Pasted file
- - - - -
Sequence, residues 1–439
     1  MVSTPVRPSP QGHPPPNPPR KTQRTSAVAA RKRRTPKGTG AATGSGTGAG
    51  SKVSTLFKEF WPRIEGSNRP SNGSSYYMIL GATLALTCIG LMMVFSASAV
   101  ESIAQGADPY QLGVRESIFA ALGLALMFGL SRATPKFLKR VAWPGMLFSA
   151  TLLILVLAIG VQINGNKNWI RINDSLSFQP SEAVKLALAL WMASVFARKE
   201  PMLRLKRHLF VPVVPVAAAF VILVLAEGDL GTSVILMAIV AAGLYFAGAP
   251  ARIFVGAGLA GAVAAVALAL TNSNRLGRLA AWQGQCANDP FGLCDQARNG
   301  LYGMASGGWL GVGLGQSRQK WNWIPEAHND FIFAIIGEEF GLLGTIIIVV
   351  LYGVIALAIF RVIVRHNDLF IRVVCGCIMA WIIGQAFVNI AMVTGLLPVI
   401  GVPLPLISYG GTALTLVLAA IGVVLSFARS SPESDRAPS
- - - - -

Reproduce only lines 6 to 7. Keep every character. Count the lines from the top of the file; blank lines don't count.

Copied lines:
   201  PMLRLKRHLF VPVVPVAAAF VILVLAEGDL GTSVILMAIV AAGLYFAGAP
   251  ARIFVGAGLA GAVAAVALAL TNSNRLGRLA AWQGQCANDP FGLCDQARNG